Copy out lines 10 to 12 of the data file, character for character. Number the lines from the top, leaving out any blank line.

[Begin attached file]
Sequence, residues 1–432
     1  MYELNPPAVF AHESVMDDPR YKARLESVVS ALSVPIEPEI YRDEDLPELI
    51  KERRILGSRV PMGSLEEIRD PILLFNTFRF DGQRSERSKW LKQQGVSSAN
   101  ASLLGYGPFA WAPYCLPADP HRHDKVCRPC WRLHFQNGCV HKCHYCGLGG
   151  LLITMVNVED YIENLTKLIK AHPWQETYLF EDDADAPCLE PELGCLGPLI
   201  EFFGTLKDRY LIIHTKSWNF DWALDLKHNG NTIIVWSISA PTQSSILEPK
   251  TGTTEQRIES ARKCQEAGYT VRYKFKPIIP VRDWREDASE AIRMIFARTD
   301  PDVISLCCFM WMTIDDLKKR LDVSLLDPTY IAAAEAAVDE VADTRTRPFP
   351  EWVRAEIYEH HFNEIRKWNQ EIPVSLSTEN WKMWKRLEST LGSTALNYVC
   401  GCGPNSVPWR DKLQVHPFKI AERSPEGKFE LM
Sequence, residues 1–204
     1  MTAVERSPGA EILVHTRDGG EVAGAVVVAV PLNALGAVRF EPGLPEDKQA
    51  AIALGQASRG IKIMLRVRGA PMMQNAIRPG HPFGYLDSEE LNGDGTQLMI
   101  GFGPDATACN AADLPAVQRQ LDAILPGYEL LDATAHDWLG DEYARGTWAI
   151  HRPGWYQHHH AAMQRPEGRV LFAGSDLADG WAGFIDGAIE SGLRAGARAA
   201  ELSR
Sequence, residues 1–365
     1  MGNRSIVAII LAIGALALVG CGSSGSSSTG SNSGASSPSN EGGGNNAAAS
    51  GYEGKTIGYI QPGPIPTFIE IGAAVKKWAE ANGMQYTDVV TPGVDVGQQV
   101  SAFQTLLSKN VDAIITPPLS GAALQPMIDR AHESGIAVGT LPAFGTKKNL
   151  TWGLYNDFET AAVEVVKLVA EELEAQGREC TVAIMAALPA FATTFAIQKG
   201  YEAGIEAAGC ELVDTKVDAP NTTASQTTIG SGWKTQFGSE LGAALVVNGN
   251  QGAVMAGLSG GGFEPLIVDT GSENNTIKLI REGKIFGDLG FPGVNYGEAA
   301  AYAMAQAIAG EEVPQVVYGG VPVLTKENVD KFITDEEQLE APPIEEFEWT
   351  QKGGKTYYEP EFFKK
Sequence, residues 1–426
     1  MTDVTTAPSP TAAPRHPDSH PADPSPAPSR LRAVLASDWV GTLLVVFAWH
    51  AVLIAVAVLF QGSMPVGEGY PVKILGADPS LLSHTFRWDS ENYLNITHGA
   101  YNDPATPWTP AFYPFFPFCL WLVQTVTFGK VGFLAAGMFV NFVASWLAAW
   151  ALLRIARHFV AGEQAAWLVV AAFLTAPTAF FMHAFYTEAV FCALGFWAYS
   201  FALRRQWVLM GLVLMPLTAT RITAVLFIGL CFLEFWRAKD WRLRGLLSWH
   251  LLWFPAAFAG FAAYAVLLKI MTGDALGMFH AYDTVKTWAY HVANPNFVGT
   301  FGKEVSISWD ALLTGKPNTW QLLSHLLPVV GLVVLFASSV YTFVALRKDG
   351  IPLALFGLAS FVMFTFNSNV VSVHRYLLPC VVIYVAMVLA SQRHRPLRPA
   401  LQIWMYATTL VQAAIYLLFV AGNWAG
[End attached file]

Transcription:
   401  GCGPNSVPWR DKLQVHPFKI AERSPEGKFE LM
Sequence, residues 1–204
     1  MTAVERSPGA EILVHTRDGG EVAGAVVVAV PLNALGAVRF EPGLPEDKQA